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Spatial Scales, Big Data and Disease Transmission Models: Lessons from Pandemic Influenza and Ebola Outbreaks
Cécile Viboud, Division of International Epidemiology and Population Studies, Fogarty International Center, NIH
Periodic emergence of novel infections provides a unique opportunity to study pathogen dissemination on naïve soils. New outbreaks are typically associated with strengthened data collection on host disease status, mobility, and pathogen genetic sequences, which are key ingredients to develop well-informed transmission models. Further, in the last decade, growing availability of medical claims and digital Big Data streams has provided a detailed lens on disease dissemination at different spatial scales (eg, state, county, city, zip code).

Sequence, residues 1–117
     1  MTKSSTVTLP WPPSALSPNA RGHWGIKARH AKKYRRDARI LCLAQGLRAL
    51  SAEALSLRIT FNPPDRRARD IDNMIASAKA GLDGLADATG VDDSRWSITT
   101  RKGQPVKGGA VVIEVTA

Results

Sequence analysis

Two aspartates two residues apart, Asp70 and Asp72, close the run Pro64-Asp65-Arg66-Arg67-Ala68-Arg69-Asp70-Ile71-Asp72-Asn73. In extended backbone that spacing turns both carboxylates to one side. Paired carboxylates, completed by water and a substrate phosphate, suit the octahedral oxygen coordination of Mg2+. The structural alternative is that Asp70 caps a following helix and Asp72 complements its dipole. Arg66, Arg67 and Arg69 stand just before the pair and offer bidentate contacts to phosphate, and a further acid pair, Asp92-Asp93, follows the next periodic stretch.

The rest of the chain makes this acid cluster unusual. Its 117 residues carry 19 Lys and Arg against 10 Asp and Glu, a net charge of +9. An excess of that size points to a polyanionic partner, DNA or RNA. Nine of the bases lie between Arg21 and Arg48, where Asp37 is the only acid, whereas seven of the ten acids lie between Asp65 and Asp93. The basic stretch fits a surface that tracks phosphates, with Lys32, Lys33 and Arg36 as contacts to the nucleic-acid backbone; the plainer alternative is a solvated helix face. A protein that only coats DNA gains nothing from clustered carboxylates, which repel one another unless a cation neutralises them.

We will borrow from recent modeling work on the 2009 influenza pandemic and the 2014-2015 Ebola outbreak to review different model formulations used to study the spatial spread of rapidly transmitted agents at different spatial scales. We will discuss how the spatial granularity of epidemiological data affects reproduction number estimates and predictors of disease spread, particularly with respect to demographic and environmental factors. We will also provide examples of conflicting findings between spatial models applied to large pathogen sequencing datasets v. epidemiological data. Finally, we will discuss the way forward and introduce multi-scale models that integrate epidemiological and evolutionary datasets, and a recent boom in disease forecasting efforts.